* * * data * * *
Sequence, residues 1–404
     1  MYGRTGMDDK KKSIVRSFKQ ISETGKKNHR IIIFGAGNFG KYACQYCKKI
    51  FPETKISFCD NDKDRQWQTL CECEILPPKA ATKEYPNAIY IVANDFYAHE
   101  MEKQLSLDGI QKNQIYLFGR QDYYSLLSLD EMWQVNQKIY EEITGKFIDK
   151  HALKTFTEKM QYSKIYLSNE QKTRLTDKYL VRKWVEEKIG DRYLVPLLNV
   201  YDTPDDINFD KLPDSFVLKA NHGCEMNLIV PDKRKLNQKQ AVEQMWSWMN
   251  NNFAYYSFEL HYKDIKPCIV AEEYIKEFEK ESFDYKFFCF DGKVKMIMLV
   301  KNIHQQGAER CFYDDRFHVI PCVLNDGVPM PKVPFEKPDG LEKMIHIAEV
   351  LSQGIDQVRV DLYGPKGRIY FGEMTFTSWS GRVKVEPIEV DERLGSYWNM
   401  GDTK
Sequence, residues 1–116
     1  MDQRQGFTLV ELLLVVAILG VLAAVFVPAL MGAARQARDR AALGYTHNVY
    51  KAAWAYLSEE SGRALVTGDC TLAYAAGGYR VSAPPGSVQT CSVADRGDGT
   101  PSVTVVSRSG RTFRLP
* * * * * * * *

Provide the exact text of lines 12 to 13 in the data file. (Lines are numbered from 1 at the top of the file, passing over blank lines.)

     1  MDQRQGFTLV ELLLVVAILG VLAAVFVPAL MGAARQARDR AALGYTHNVY
    51  KAAWAYLSEE SGRALVTGDC TLAYAAGGYR VSAPPGSVQT CSVADRGDGT